Be a Man?
The Big Lebowski: What makes a man, Mr. Lebowski?
The Dude: Dude.
The Big Lebowski: Huh?
The Dude: Uhh … I don’t know sir.
The Big Lebowski: Is it being prepared to do the right thing, whatever the cost? Isn’t that what makes a man?
The Dude: Hmmm … Sure, that and a pair of testicles.
It’s a question that plagues most guys, both the renaissance and oafish varieties. The grab-bag of answers to what makes a man for thirtysomething, urbanish gents includes: Make money, have a solid track record with the ladies, be a good husband, reproduce, be a provider daddy and so on. Acceptable measuring sticks, one and all.
But that’s hardly the whole picture. Less tangible manly qualities tug at the subconscious and are just as important as the Checklist of Life. Toughness, duty, power and being cool. The consensus on how to define those traits is hardly clear. They’re shades of grey, really. Like charcoal.
Ask a friend if he’s a man and watch him squirm.
Part of the problem is that Gen Xers never had good role models. Take the nineties, when we came of age. Man, that was a hard time to be a man. Kurt Cobain, Bill Clinton, O.J., our dads. Not much there, eh?
Don’t get me wrong, it’s still harder to be a woman. And stereotyping a gender has its pitfalls. There are probably some guys out there who are totally comfortable with their masculinity. I just haven’t met them.
So what are men particularly good at, besides lifting large objects? Drawing a blank? I am. Maybe that’s for the best, equality that is. But I it’s easier to think of decidedly feminine traits that are net benefits for society. Being able to recognize, accept and verbalize emotions, for one thing.
Let’s face it, male insecurity drives most of the world’s problems. Ever have a boss with little-man’s syndrome? Then you know what I mean.
I’ll go back to the nineties, the first few years of which I spent in a testosterone-addled haze. The skills I brought to the table–physical strength, blistering rage, destructive tendencies–would’ve helped me be cannon fodder or a ditch digger. (That’s why I liked this job so much.) But not much else.
Those hallmarks of meat-headery were decidedly uncool back then. It was the decade of the sensitive man. And although being a steakhead is making a comeback (see MTV), we’ll never get back to the “Mad Men”-style chauvinism of our grandfathers and fathers. And that’s a good thing.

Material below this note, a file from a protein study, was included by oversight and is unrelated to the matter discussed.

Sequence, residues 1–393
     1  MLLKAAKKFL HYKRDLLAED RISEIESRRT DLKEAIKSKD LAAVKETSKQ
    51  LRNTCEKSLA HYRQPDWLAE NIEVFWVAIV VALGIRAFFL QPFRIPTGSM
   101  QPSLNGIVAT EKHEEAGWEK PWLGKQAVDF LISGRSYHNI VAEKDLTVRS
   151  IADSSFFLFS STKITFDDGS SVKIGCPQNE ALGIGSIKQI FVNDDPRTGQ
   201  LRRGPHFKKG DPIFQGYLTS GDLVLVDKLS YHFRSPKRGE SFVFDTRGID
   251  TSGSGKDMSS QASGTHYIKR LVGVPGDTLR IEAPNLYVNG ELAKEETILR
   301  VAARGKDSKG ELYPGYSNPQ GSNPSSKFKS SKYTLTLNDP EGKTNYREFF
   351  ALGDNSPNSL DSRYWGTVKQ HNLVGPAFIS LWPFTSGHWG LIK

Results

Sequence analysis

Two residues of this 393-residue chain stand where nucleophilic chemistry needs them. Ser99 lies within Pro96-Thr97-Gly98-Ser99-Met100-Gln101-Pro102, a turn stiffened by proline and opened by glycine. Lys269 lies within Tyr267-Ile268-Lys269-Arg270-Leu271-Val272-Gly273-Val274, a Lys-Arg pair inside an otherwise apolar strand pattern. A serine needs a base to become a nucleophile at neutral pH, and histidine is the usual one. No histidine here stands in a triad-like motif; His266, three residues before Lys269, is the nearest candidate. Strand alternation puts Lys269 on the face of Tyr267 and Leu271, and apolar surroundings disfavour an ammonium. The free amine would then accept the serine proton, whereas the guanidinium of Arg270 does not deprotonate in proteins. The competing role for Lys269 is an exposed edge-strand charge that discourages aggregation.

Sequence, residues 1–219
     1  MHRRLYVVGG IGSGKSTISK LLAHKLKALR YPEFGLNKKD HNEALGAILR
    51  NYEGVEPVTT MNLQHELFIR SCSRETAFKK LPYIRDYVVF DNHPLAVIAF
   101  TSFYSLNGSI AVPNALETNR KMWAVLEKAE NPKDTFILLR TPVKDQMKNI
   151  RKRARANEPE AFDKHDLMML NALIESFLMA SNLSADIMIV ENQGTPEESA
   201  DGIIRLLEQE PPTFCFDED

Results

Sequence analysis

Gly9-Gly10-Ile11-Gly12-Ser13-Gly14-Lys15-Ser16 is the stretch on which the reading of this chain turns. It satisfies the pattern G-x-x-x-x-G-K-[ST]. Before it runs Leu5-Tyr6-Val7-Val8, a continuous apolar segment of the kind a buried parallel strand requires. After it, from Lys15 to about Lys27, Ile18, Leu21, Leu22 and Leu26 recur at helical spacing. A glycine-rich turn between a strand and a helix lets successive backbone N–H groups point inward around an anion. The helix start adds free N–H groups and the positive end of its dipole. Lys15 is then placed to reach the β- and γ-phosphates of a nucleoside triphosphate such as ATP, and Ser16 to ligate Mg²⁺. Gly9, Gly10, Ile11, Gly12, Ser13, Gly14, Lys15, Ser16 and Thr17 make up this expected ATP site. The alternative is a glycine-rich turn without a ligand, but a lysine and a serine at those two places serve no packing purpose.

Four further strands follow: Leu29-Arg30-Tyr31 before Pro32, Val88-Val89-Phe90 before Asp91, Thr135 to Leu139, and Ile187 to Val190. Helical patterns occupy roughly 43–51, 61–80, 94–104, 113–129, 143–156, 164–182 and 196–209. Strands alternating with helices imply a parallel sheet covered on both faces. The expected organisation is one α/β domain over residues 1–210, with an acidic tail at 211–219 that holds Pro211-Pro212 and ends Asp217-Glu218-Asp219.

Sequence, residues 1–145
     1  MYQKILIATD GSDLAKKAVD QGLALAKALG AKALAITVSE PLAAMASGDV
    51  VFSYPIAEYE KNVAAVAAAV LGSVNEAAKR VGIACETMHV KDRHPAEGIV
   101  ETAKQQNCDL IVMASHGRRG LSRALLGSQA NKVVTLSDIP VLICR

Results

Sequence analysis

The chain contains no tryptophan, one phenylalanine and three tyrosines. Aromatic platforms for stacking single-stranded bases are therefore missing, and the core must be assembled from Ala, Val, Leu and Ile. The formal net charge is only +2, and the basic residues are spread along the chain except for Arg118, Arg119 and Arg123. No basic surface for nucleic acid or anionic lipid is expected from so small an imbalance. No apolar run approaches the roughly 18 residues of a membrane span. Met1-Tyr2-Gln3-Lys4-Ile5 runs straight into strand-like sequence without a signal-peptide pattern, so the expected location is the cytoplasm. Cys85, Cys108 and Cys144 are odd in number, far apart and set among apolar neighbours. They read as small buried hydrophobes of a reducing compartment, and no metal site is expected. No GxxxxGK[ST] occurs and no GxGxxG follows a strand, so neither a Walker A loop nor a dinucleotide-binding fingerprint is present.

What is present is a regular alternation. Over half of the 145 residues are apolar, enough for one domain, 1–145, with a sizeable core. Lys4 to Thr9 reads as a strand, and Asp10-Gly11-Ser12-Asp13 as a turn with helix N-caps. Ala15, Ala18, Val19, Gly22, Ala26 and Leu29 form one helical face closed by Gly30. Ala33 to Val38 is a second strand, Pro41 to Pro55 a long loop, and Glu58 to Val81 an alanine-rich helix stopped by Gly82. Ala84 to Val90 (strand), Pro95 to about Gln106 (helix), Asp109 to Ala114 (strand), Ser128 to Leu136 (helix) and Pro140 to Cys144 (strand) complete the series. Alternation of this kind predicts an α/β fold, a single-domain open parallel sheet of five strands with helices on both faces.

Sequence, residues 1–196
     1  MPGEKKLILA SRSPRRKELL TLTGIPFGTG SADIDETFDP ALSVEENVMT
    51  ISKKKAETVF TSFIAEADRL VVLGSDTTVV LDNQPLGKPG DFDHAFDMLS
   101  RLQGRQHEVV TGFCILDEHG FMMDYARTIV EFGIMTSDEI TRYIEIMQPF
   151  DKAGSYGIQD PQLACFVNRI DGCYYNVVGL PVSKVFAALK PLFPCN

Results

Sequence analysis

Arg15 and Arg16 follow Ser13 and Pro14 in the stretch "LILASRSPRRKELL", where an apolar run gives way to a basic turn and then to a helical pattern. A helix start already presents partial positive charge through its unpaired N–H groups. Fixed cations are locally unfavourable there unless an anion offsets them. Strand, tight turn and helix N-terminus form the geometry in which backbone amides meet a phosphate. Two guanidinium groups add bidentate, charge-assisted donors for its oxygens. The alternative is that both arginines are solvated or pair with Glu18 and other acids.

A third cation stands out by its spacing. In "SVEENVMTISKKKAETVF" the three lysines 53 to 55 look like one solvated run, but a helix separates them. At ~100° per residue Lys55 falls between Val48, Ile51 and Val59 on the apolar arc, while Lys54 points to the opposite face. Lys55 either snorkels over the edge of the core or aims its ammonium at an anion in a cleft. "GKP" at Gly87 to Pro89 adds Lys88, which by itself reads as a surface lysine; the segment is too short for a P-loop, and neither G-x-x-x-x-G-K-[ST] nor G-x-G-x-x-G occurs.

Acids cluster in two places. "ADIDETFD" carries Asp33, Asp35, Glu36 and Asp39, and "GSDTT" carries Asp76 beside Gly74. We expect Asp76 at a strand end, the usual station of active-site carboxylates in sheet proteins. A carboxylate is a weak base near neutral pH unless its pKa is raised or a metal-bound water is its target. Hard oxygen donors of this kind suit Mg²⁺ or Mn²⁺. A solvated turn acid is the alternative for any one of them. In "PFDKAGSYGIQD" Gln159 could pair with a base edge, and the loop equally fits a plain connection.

But our forefathers had WWII and the Vietnam War to define themselves. I don’t envy them for getting drafted, being shot at and watching buddies die. The volunteer armed forces changes all of that. On a side note, I just read Jon Krakauer’s “Where Men Win Glory: The Oddysey of Pat Tillman.” I defy you to read that tragic tale and say you stack up next to Tillman as a man.
What do we have as defining events? The Internet? Playing with computers. Badass.
Take the anti-man, faux Mark Zuckerberg from “The Social Network.” How emasculating was the final tell-off line from Zuckerberg’s ex, when she spits out: “Good luck with your, video game.” Actually, fuck that, the line is about infantilization, which is worse than being emasculated. Talking about my generation …
Anyhow, the military service question is my baggage, part of it at least. But it’s somewhat related to why “Fight Club” was such a mega-hit. Somewhere deep down in there most guys want to know if they could be tough. I’ve certainly asked that question, and have done tourist stints in various tough-guy pursuits.
Boxing was one of the most deeply-satisfying things I’ve ever tried. I felt a little bit more like a man getting hit, and occasionally landing a few jabs of my own. But the most rewarding part was confronting the fear of standing in the corner, waiting to see what you had. And believe me, hitting the bars after a solid day of sparring was hard to beat for male-bonding.
Every guy needs someone in their corner. And knowing what that feels like, literally, makes a difference. Let’s face it, we’re a group of genetic misfits, us guys. Take a few swings at a bag some day and tell me it doesn’t feel a little too good.
But the fact is, I’m much more at peace with what it means to be a man these days. It’s one of the best parts of being in your thirties. All that superficial shit feels less important. And I have to say that the Big Lebowski was onto something. Doing the right thing, even when it’s hard as hell. That’s manliness. But I may still have to get back into the ring.
Well done, Pual.
I love ‘hallmarks of meat-headery’. I really hope ‘meat-headery’ catches on; I’m going to use it whenever I can.
I think denying ourselves an outlet for agression is harmful. Some outlets are more constructive than others but keeping your emotions pent up is rarely good.
I'm with you. I'll use meat-headery once a day, minimum. And agreed, repression doesn't work out for anybody.